The Mighty Thor
In the name of Valhalla, I deem this film worthy of the gods. I apologize. I just couldn't resist that opportunity, but "Thor" is surprisingly better than I may have feared. To be honest, I did have my doubts about this film, since Marvel Studios did drop the ball when they made " The Incredible Hulk" and "Iron Man 2." I know many fans claim those were great films, but I beg to differ. In my mind, Marvel Studios has only made one great film which was "Iron Man." The others were average at best. I know I'll get some flak for saying that boldly, but please hear me out before making judgment. When "Iron Man" first came onto the scene, it was not only innovative, but it was also clever and witty. Plus, it was one of the few superhero films that showed you don't need a dark character as your protagonist, to make the film enjoyable to watch. Not only that, but it was the first superhero film to ever address directly some of the fears of modern technological warfare; particularly war profiteering of lethal weapons.
Then the "Incredible Hulk" came out. Sure, it had it's moments, and incorporating elements of the old sixties TV series was a stroke of genius. But what about the story? If you honestly broke down the plot to the "Incredible Hulk" to it's simplest context, then you'd realize it's nothing more than a over hyped rip off of "Iron Man"; being sold as somewhat of a quasi-sequel in attempt to appeal to both fans and haters of Ang Lee's "Hulk." As for "Iron Man 2", please don't even get me started on that film. "Iron Man 2" had so many freaking things going on in the film that it could've easily have turned into another "Spider-Man 3" or "Batman & Robin." In fact, the only thing that saved it was that Jon Favreau is a such a good improviser when it comes to directing films on the sly, and some of the acting performances of the movie. If it wasn't for that, then I doubt fans would be so eager to ride the whole Marvel Studios bandwagon. As it seems in their eyes, Marvel Studios can do no wrong; even when they mess up a few things. Sure, it's okay if they change a few things about the original story, but it's never okay if any other studio does it. However, that's another topic to discuss at a different time.
What does all this have to do with "Thor?" Well, I'm about to get to that momentarily. To be honest, I've always thought "Thor" idealistically would make a great superhero film. Why? The comic book not only pays great homage to legendary Norse mythology, but it's also one of the few comic book titles that weaves fantasy, science fiction and superhero lore seamlessly into one story. For those pondering, this film is not based on the traditional "Thor" that some of you may have bothered to read about in old history text books. No, this is Marvel's "Mighty Thor"; which was inspired by that same mythology. Years ago when Stan Lee was starting out, he came up with the concept of creating a god for the Marvel Universe. Seeing as how "Hercules" had been done before, he decided to go with "Thor", the Norse God of Thunder. Stan Lee picked Thor's story not only because of his unique preference of using a hammer as a weapon, he also picked him because he was relatively unknown to American culture at the time; hence making him perfect for Marvel. Granted, Marvel would still end up creating their own version of Hercules eventually, it was Thor who became one of the key founding members used to establish the Avengers.
According to the original comic mythology, Thor was portrayed as a very powerful yet arrogant Norse god, who was heir to Odin's throne in Asgard. However, due to his arrogance and stupidity, he reignited an ancient war with one of Asgard's enemies. From there, Odin punished his son by stripping him of all his powers, and banished him on Earth. Upon Thor's arrival, Odin created a mortal body for his son in the form of Donald Blake, who would have no previous memory of his life in Asgard. Years later when Donald Blake graduated medical school, he was trapped inside a cave as he tried to hide from an alien invasion. From there, he discovers a staff that he taps against a rock out of frustration, then he's magically turned into the Norse god, Thor. Donald Blake uses the powers of Thor to fight crime, and later joins the Avengers in pursuit of establishing justice on Earth.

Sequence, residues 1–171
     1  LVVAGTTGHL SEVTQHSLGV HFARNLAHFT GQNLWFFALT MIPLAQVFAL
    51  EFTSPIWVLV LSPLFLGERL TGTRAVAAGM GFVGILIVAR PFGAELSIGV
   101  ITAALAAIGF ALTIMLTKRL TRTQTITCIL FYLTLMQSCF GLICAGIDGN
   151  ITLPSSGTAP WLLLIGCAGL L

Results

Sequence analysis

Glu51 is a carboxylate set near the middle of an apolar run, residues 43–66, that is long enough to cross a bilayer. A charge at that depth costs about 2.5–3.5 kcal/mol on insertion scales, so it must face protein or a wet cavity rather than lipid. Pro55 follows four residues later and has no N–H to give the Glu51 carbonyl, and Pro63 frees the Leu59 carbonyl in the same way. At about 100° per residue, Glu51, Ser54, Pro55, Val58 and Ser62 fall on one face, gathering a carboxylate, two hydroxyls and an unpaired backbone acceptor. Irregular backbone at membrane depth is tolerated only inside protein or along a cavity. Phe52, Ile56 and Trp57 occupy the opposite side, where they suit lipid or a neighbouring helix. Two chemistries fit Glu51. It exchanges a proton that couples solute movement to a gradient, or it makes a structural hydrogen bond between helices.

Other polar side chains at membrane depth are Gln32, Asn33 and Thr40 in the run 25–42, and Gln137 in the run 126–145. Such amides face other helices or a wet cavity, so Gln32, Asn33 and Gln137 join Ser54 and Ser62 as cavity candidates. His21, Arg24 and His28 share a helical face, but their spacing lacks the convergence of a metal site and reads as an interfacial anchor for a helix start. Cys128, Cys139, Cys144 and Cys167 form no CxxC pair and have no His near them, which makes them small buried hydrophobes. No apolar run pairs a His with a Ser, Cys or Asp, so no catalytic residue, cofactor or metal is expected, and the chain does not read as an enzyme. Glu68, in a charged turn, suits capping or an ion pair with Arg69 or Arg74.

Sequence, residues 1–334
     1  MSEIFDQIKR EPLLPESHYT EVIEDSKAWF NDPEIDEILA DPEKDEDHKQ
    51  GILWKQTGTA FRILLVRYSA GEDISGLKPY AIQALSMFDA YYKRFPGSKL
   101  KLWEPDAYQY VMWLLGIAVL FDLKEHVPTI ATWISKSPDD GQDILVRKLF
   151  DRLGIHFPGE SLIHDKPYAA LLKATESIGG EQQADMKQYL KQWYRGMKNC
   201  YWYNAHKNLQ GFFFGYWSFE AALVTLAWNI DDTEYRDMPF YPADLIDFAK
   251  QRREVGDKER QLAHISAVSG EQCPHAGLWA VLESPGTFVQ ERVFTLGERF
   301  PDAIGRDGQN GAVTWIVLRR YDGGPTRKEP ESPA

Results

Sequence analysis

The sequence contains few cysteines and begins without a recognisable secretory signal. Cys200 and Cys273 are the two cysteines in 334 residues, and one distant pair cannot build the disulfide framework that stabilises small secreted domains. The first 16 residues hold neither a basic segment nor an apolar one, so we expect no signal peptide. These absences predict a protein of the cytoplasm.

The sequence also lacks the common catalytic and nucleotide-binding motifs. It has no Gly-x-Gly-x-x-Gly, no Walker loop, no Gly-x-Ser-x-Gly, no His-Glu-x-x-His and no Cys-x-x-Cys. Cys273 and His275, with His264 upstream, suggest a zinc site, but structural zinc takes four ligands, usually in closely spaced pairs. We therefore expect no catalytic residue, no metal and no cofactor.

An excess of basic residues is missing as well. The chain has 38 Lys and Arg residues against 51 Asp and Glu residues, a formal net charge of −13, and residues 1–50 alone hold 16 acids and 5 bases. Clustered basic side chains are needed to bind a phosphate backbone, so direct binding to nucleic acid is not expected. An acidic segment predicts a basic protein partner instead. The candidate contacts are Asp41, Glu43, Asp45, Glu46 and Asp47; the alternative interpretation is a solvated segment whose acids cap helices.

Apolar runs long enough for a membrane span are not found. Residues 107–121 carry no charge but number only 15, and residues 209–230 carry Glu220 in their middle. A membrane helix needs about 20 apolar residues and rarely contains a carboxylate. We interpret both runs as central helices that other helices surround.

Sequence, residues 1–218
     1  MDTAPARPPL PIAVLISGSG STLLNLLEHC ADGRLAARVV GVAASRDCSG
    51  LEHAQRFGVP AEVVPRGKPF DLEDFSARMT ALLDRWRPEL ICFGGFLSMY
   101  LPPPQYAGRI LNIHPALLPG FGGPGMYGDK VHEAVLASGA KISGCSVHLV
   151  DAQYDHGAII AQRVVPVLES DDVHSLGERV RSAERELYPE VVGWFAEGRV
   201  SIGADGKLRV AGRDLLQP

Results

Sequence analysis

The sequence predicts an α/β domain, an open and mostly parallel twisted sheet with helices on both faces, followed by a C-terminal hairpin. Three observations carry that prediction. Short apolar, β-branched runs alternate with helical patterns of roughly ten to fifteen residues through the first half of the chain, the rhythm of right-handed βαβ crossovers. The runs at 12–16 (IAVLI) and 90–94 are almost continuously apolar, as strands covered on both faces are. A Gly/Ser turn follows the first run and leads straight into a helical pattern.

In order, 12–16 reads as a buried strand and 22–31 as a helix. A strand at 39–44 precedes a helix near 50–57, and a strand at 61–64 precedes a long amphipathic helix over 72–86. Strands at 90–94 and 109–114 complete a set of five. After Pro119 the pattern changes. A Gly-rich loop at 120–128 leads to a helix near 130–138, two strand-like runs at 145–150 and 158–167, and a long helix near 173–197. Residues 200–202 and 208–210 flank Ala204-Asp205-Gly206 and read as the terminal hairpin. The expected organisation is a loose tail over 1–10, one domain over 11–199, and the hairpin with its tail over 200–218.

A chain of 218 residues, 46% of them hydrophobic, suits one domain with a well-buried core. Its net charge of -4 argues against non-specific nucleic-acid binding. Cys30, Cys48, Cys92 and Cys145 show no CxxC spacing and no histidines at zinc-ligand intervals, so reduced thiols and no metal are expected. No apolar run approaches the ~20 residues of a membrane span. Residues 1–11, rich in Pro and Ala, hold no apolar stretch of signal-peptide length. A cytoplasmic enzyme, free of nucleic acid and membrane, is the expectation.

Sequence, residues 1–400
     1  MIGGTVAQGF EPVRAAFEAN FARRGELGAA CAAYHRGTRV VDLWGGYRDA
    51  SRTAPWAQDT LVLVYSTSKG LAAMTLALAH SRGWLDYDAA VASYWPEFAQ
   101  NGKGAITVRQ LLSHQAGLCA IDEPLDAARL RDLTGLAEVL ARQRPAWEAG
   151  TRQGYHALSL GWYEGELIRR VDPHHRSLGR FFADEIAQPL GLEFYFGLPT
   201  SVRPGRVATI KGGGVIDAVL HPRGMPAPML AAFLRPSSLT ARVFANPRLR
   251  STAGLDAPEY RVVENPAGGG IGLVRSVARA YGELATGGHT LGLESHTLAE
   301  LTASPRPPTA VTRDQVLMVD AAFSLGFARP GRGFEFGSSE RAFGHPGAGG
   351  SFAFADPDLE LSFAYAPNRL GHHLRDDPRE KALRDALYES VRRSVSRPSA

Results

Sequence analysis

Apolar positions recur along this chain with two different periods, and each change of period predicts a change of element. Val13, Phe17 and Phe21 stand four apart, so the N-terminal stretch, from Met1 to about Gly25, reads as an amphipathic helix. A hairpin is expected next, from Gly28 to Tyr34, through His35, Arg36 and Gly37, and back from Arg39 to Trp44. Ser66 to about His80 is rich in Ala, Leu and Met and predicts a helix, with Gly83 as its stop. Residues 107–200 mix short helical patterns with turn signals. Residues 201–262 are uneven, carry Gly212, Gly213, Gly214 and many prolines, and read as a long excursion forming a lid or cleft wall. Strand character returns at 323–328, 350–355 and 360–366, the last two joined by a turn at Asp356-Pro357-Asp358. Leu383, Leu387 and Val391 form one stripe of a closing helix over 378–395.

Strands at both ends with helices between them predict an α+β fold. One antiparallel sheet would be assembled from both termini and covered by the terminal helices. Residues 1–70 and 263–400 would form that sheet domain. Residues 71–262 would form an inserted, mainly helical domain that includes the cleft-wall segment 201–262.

In the film version, Thor (Chris Hemsworth) is a powerful yet arrogant god who reignites an ancient war with the frost giants, whom have been at war with Asgard for years until Odin (Anthony Hopkins) finally established peace in the last great war. Unfortunately due to fatal mistake by Thor, he causes the Frost Giants to take back their truce with the Asgardians; thus angering Odin so much that he banishes his son to Earth. Like the comic book, he strips Thor of all his powers and separates him from his hammer. Unlike the comic book, Odin doesn't bother stripping Thor of his memories, nor does Odin bother putting him into a new human body. No, Thor still keeps his normal body, but he does land in the middle of the desert to be discovered by astronomer, Jane Foster (Natalie Portman). Unaware of his true origins, Jane offers to take care of him as long as he's able to explain how is it he survived inside what seemed to be a tornado when he fell down to Earth.
Of course, lets not forget about S.H.I.E.L.D. here, as they too have a huge role to play in "Thor." Before he lands on Earth, Thor's hammer, Mjonir, lands in the middle of New Mexico before he does. This prompts S.H.I.E.L.D. to construct a military facility around the hammer for observations. Without giving away too much, it turns out Thor's banishment was all part of an elaborate scheme by Loki (Tom Hiddleston), to not only kill the Frost Giants but to take over all of Asgard as well.
As I mentioned earlier, Marvel Studios really hasn't created too many great superhero films; outside of "Iron Man." I know many fans will argue otherwise, but do you honestly think people are going to remember "Thor" or "Iron Man 2" in say....fifty years from now? Do you honestly believe people will look back upon "Thor" as fondly as they do Christopher Reeves' "Superman" films that still survive the test of time to this day? This is exactly what I'm talking about here. The reality is no matter how much fun these Marvel films are, most of their stories are never going to stand the test of time. The reason is that back then, the "Superman" films were so focused on the idea of establishing who the character was, audiences couldn't help but fall in love with his story. Same thing with "Batman Begins" and "The Dark Knight", as the story isn't focused to be some sort of elaborate set up for a superhero film crossover. No, it's generally a story about a man that suffers a huge loss as a child, then shows the natural progression of how he ends up taking the law into his own hands. It's because these stories are primarily focused on establishing the character's identity that we want to root for them, and why they'll be able to survive the test of time, as the stories lend themselves to a lot of great memorable scenes in cinematic history.